Background & aims: The Mediterranean lifestyle (MEDLIFE), as an overall lifestyle pattern, may be associated with a lower prevalence of metabolic syndrome. We assessed the association of a validated MEDLIFE index with metabolic syndrome and its components in a non-Mediterranean working population.
Methods: A cross-sectional analysis was conducted at baseline among 249 US career firefighters in Feeding America's Bravest 2016-2018. The MEDLIFE index consisted of 26 items on food consumption, dietary habits, physical activity, rest, and social interactions that scored 0 or 1 point. Thus, total scores could range from 0 to 26 points. Multivariable logistic regression models were used to determine the associations across tertiles of MEDLIFE adherence with metabolic syndrome and each of its individual components. Multivariable linear models further assessed each component as a continuous outcome.
Results: The prevalence of metabolic syndrome was 17.7%. Participants with higher MEDLIFE adherence (T3: 11-17 points) had 71% lower odds of having metabolic syndrome compared to those with lower MEDLIFE adherence (T1: 2-7 points) (OR = 0.29; 95%CI: 0.10 to 0.90, p for trend = 0.04). Furthermore, significant inverse associations were found for T3 versus T1 on abdominal obesity (OR = 0.42; 95%CI: 0.18 to 0.99, p for trend = 0.07) and hypertriglyceridemia (OR = 0.24; 95%CI: 0.09 to 0.63, p for trend = 0.002). Significant inverse associations for continuous outcomes included total-cholesterol (total-c), low-density lipoprotein (LDL) cholesterol, and total-c:high-density lipoprotein (HDL) cholesterol (p for trend <0.05).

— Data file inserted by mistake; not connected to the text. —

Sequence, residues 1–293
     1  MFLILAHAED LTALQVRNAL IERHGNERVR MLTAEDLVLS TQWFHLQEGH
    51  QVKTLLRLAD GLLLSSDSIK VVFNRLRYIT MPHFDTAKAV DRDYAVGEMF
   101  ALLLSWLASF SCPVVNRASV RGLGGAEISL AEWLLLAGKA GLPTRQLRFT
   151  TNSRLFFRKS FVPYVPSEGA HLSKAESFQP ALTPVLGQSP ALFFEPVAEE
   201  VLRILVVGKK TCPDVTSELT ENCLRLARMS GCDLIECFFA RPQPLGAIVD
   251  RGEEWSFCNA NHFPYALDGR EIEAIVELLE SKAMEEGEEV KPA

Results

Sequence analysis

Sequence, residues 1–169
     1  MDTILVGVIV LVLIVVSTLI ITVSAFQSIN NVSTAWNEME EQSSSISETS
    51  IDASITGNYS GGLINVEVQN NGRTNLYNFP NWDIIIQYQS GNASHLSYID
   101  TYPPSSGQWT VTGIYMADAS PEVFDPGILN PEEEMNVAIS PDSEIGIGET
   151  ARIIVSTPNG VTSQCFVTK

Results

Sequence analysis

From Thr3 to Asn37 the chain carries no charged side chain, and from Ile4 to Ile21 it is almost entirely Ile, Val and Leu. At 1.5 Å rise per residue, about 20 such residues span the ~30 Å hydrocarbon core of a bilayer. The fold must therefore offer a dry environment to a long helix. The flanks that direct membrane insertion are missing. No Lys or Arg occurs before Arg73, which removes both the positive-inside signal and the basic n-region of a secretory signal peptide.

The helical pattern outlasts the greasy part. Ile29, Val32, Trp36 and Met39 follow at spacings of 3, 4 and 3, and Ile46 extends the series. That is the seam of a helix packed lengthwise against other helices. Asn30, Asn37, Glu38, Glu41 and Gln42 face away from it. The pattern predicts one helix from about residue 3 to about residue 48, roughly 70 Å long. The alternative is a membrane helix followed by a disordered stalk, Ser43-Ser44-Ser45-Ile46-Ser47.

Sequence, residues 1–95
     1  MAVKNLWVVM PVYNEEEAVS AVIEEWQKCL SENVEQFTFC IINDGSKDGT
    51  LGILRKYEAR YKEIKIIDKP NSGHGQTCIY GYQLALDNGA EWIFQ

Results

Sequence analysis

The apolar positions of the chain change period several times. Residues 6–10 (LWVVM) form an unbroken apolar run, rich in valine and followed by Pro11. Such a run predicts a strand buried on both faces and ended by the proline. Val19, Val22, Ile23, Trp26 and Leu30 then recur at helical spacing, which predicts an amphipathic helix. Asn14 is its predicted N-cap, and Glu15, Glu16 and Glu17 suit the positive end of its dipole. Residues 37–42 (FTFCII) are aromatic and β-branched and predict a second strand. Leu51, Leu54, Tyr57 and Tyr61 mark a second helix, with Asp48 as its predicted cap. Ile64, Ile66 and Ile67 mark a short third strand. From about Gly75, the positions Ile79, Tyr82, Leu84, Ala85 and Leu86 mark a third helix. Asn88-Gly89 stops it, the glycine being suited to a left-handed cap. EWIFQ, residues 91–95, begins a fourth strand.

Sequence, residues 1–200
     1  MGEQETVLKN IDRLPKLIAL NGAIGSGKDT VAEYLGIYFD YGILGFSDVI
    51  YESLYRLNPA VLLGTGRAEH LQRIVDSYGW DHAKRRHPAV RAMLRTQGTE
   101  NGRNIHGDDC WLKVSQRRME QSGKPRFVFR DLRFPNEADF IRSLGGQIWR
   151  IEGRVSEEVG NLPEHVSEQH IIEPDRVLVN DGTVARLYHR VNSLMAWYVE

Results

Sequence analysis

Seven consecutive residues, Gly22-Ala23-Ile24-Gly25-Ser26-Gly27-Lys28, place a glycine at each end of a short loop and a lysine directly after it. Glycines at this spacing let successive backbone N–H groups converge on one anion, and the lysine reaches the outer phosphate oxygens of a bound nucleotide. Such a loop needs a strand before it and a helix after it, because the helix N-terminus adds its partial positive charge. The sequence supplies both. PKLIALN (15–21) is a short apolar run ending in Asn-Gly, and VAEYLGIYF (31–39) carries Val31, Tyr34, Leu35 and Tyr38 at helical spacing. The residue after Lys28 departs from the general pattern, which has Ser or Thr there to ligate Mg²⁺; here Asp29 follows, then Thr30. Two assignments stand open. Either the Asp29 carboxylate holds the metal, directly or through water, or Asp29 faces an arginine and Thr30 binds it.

Conclusion: Higher adherence to traditional Mediterranean lifestyle habits, as measured by a comprehensive MEDLIFE index, was associated with a lower prevalence of metabolic syndrome and a more favorable cardiometabolic profile in a non-Mediterranean working population. Future studies employing the MEDLIFE index in other populations are warranted to support this hypothesis.